Sunday, June 24, 2018

Moving Image (Unit Twelve)

Moving Image (Unit Twelve)

In this unit we will look at the unique aspects of performance as they relate to the moving image. We may take this medium for granted, but it is a very new art form, based in modern techology and having been in existence for about 125 years now.
The moving image has migrated through various technologies during that time, including:

  • Motion Pictures - Live action filmed by camera with frames projected in sequence.  
  • Animation - Hand-drawn or computer rendered moving images made by artists in the studio.
  • Television / Video / Internet - Electronic and subsequent digital technologies for broadcast of the moving image.
The technology of motion pictures emerged in the late nineteenth century, out of a series of experiments in sequential photography and handmade animation devices. Thomas Edison is credited with inventing the first successful motion picture process in 1891, the Kinetoscope, which was then improved on by the Lumière Brothers of France, and the development of the Cinématographe device in 1894.
Thomas Edison - Kinetoscope (film) and Kinetophone (sound) (1912-13)
Early films were short snippets of activity, gradually developing into full (though still short in length) narrative sequences by the beginning of the 20th century. Film and sound recording technology were not yet synchronized, so these films were made without sound, and with live musical accompaniment played along with them.
Vaudeville Poster (1894)
This era, of silent film, features actors and situations coming out of the stage tradition of vaudeville, or live stage shows of the day, which featured variety acts that often reinforced ethnic stereotypes.
Charlie Chaplin
Thus, early silent film actors employed a physical presence and gesture in their acting, that hearkens to this tradition of live vaudeville, and compensates for the lack of sound. Features of silent film include intertitles (graphic elements with text and dialogue), and theatrical gesture and expression (as though playing to a stage audience).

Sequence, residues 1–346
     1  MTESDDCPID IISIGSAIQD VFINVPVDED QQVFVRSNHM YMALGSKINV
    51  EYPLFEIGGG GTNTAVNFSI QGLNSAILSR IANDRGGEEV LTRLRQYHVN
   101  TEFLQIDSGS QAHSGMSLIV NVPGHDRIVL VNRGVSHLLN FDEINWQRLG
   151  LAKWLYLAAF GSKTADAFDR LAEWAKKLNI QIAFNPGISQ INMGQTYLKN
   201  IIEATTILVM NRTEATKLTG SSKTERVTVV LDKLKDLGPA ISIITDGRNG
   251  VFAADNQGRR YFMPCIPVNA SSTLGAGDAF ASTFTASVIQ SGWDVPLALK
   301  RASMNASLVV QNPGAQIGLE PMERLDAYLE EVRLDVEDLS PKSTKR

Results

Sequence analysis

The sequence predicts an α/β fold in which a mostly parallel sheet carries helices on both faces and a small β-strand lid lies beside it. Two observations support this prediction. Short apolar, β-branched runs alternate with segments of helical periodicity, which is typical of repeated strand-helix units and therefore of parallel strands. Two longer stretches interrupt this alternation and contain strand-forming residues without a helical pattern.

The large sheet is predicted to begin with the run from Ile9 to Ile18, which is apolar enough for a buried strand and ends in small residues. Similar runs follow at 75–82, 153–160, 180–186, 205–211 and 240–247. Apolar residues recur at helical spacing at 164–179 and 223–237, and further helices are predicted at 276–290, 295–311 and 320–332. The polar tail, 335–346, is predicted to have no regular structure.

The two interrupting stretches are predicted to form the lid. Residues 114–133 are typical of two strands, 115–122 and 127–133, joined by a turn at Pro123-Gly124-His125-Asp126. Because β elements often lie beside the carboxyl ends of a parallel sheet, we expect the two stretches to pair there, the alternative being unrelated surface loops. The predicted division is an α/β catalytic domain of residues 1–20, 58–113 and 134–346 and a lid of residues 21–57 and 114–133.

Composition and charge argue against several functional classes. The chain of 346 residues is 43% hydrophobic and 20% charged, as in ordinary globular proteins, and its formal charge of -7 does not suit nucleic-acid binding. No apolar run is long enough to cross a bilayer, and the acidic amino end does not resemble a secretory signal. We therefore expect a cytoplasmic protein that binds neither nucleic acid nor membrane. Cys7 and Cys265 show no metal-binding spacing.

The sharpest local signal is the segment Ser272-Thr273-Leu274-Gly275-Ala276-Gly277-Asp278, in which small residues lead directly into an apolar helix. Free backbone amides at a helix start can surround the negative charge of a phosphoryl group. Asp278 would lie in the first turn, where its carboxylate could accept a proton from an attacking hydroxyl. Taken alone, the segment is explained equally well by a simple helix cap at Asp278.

Charlie Chaplin - The Tramp
Actress Marion Davies and actors Charlie Chaplin, and Buster Keaton, one of the most influential physical comedians of all time, typified the physicality and comedy that entertained audiences in the early days of film.
The Artists - David Denby / The New Yorker
There are three main techniques in film acting: repertory, method, and improvisation. Repertory acting is based in classically trained theatrical techniques, method acting is employed by actors who live the part of the character in order to express the full range of emotions, and improvisation, in which the acting is spontaneous, unrehearsed and naturalistic.
The Schools of Film Acting - Mark Winokur and Bruce Holsinger
Daniel Day-Lewis - Range of Roles in Repertory Acting
Repertory actors are trained in the techniques of classical theatre. They specialize in the technical aspects of acting, portraying their characters from the outside in, from costumes, to accents, facial expressions, and makeup, and can portray a wide range of differing roles.

Repertory: Daniel Day Lewis - Gangs of New York (2002)
Lee Strasberg developed "method" acting based on the teachings of Constantin Stanislavski and the Moscow Art Theatre. Method actors immerse themselves fully in the character, exploring the interior psychological aspects of the role and literally "becoming" that character while filming.
Method: Robert De Niro - Taxi Driver (1976)
Robert De Niro is known for his method approach to roles, such as the movie Taxi Driver (1976), where he drove 12 hour taxi shifts to prepare for the role of Travis Bickle, and Raging Bull (1980), in which he trained as a professional level boxer.

  Method: Robert De Niro - Raging Bull (1980)
(contains some language and violence)

What it Means to be "Method" - Jason Guerrasio
Improvisation: Dustin Hoffman - Midnight Cowboy (1969)